Example: Gromov-Hausdorff distances and the Heisenberg group, PART 2

As the title shows, this post continues the previous one

Gromov-Hausdorff distances and the Heisenberg group, PART 1

The Heisenberg group G is seen from the point of view of the generating set D. Quantitatively, the group norm “measures how” D generates G. The group norm has the following properties:

  • \| X \| = 0 if and only if X = E = (0,1), the neutral element of G. In general \| X\| \geq 0 for any X \in G.
  • \| X \cdot Y \| \leq \|X\| + \|Y\|, for any X,Y \in G (that is a consequence of the fact that if we want to go from E to X \cdot Y by using horizontal increments, then we may go first from E to X, then from X to X \cdot Y, by using horizontal strings).
  • \| X^{-1} \| = \| X \| for any X \in G (consequence of X \in D implies X^{-1} \in D).

From (group) norms we obtain distances: by definition, the distance between X and Y is

d(X,Y) = \| X^{-1} \cdot Y \|

This is the sub-riemannian distance mentioned at the end of the previous post.

The definition of this distance does not say much about the properties of it. We may use a reasoning similar with the one in (finite dimensional) normed vector spaces in order to prove that any two group norms are equivalent. In our case, the result is the following:

there are strictly positive constants a, c, C such that for any
X \in G (which has the form X = (x, e^{2\pi i z})) with \| X \| \leq a we have

c ( x_{1}^{2} + x_{2}^{2} + \mid z \mid) \leq \|X\|^{2} \leq C ( x_{1}^{2} + x_{2}^{2} + \mid z \mid).

We may take a = 1/3, for example.

For “big” norms, we have another estimate, coming from the fact that the S^{1} part of the semidirect product is compact, thus bounded:

there is a strictly positive constant A such that for any X \in G (which has the form X = (x, e^{2\pi i z})) we have

\| x\| \leq \|X \| \leq \|x\| + A

Let us look now at the ball B(R) = \left\{ X \in G \mbox{ : } \|X\| \leq R \right\} endowed with the rescaled distance

d_{R} (X,Y) = \frac{1}{R} d(X,Y)

Denote by Profile(R) = [B(R), d_{R}] the isometry class (the class of metric spaces isometric with … ) of (B(R), d_{R}). This is called a “metric profile”, see Introduction to metric spaces with dilations, section 2.3, for example.

The function which associates to R > 0 the Profile(R) can be seen as a curve in the Gromov space of (isometry classes of) compact metric spaces, endowed with the Gromov-Hausdorff distance.

This curve parameterized with R roams in this huge abstract space.
I want to see what happens when R goes to zero or infinity. The interpretation is the following: when R is small (or large, respectively), how the small (or large) balls look like?

Based on the previous estimates, we can answer this question.

When R goes to infinity, the profile Profile(R) becomes the one of the unit ball in \mathbb{R}^{2} with the euclidean norm. Indeed, this is easy, because of the second estimate, which implies that for any X = (R x, e^{2 \pi i z}) and Y = (R y, e^{2 \pi i u}) which belong to B(R), (thus \|x\|, \|y\| \leq 1) we have:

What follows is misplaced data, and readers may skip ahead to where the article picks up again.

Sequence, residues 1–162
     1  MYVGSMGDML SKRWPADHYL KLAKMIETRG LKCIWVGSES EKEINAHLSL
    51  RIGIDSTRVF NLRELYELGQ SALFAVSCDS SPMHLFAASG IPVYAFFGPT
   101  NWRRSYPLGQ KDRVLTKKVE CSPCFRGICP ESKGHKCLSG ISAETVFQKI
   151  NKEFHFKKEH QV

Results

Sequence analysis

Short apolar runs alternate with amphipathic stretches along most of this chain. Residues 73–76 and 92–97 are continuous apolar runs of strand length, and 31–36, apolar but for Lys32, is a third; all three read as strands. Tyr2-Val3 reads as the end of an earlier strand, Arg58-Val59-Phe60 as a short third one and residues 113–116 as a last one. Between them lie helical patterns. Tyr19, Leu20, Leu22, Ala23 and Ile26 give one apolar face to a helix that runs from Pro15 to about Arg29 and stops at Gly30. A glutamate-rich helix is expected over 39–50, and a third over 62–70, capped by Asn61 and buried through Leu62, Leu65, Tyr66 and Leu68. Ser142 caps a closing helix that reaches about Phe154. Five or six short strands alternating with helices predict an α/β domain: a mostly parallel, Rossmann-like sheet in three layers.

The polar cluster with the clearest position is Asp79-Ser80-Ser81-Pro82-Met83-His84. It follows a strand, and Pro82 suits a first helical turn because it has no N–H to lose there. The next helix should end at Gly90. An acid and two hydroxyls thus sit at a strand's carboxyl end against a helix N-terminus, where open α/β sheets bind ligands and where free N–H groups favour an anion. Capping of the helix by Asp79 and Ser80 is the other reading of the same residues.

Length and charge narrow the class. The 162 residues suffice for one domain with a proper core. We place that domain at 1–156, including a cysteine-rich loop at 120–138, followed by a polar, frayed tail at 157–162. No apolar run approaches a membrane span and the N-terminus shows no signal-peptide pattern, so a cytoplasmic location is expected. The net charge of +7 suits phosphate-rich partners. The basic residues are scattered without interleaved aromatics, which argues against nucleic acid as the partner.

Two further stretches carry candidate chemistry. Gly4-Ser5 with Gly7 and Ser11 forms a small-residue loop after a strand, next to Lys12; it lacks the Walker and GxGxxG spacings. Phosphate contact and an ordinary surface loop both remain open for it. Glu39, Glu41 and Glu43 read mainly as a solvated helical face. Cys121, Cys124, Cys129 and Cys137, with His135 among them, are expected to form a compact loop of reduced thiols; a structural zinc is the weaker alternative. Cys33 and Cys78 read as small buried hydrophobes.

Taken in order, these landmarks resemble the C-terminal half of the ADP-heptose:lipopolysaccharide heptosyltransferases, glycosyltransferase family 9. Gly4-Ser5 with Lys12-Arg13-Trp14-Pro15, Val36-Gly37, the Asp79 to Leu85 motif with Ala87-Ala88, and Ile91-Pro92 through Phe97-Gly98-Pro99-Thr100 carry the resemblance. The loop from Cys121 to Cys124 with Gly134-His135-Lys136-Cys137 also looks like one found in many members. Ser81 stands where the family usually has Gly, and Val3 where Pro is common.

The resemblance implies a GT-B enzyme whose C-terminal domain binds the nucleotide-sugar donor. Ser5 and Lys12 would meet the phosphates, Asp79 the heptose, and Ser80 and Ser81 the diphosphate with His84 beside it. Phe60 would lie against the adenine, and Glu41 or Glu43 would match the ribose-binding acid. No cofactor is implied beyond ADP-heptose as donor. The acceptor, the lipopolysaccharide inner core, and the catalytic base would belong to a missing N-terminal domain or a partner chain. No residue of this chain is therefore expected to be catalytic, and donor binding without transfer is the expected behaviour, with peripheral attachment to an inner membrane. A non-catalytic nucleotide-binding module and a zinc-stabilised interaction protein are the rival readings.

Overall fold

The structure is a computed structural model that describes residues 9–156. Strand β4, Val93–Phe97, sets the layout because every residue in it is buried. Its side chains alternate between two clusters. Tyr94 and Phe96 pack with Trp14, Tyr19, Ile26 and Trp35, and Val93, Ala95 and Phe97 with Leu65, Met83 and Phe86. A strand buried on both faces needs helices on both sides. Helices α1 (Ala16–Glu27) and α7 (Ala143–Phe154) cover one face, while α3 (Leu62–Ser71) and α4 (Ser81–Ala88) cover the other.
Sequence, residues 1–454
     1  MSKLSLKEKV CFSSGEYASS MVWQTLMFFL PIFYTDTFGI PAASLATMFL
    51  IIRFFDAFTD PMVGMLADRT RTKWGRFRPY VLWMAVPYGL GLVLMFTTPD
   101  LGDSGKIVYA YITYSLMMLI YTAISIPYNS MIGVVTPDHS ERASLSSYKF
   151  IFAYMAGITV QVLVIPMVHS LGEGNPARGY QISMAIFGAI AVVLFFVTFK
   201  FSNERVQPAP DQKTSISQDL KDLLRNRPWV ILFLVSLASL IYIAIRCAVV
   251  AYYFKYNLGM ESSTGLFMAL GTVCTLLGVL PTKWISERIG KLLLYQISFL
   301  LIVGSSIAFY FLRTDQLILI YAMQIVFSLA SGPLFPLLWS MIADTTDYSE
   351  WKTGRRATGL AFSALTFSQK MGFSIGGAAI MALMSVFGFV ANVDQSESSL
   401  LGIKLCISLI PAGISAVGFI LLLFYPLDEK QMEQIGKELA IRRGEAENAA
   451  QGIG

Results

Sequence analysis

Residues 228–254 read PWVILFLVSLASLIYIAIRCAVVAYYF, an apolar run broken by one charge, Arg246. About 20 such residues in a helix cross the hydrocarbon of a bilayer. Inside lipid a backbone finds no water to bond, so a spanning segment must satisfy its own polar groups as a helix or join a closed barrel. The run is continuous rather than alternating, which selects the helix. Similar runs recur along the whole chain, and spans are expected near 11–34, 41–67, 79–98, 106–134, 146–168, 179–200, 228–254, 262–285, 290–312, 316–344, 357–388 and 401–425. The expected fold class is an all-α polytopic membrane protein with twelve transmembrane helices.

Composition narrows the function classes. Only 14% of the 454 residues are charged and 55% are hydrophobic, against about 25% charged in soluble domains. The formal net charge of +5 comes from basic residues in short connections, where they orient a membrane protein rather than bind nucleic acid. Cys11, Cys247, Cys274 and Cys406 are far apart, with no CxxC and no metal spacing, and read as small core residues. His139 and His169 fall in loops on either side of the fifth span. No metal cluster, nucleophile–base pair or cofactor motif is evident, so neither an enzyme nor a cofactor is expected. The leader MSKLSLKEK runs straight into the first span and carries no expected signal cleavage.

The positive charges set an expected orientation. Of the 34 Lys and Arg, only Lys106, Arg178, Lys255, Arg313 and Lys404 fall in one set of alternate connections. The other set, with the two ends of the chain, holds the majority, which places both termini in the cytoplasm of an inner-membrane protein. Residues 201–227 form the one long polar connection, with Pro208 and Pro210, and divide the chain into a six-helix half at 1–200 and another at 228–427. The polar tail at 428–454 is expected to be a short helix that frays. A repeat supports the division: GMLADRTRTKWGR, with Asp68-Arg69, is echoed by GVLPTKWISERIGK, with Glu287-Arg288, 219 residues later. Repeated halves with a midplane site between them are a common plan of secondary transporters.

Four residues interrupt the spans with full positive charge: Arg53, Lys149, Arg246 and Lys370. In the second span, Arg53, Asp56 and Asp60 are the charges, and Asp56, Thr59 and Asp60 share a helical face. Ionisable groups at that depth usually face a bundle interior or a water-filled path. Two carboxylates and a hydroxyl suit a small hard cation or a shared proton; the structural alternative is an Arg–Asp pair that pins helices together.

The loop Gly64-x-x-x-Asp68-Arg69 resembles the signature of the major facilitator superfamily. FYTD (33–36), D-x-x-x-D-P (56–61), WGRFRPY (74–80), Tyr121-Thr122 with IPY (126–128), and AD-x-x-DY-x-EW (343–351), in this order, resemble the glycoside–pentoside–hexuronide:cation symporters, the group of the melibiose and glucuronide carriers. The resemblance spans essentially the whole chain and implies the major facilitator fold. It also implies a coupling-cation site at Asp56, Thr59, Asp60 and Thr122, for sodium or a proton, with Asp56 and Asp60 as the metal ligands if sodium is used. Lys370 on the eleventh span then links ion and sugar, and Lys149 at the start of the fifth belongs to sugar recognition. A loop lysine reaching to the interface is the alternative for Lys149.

d_{euclidean}(x, y) \leq d_{R}(X,Y) \leq d_{euclidean}(x, y) + \frac{A}{R}.

Therefore, as R goes to infinity, we get the isometry result.

On the other side, if R is small enough (for example smaller or equal to 1/3, then Profile(R) becomes stationary!

Indeed, let me introduce a second Heisenberg group, baptized H(1) = \mathbb{R}^{2} \times R, with the group operation

(x, z) \cdot (y, u) = (x+ y, z + u + \frac{1}{2}\omega(x,y))

Remark that the function (x, e^{2 \pi i z}) \mapsto (x,z) is a group morphism (in fact a local group isomorphism), for z small enough! That means locally the groups G and H(1) are isomorphic. If you don’t know what a local group is then see the post Notes on local groups by Terence Tao.

By exactly the same procedure, we may put a group norm on H(1).

OK, so small balls in G are isometric with small balls in H(1). What about the rescaling with \frac{1}{R}? Well, it turns out that the group H(1) is selfsimilar, moreover, is a conical group (see for example section 6 from the paper Braided spaces with dilations… and check also the references, for the notion of conical group). Conical means that the group has a one parameter family of self-similarities: for any R > 0 the function

\delta_{R} (x,z) = (R x, R^{2} z)

is an auto-morphism of H(1) and moreover:

\| \delta_{R} (x,z) \| = R \| (x,z)\| for any (x,z) \in H(1).

As a consequence, all balls in H(1) look alike (i.e. the metric profile of the group H(1) is stationary, a hallmark of null curvature…). More precisely, for any R > 0 and any X,Y \in H(1), if we denote by d the distance in H(1) induced by the group norm, we have:

d_{R}( \delta_{R} X, \delta_{R} Y) = d(X,Y).

Conclusion for this part: Small balls in G look like balls in the Heisenberg group H(1). Asymptotically, as R goes to infinity, balls of radius R in the group G look more and more alike balls in the euclidean space \mathbb{R}^{2} (notice that this space is self-similar as well, all balls are isometric, with distances properly rescaled).


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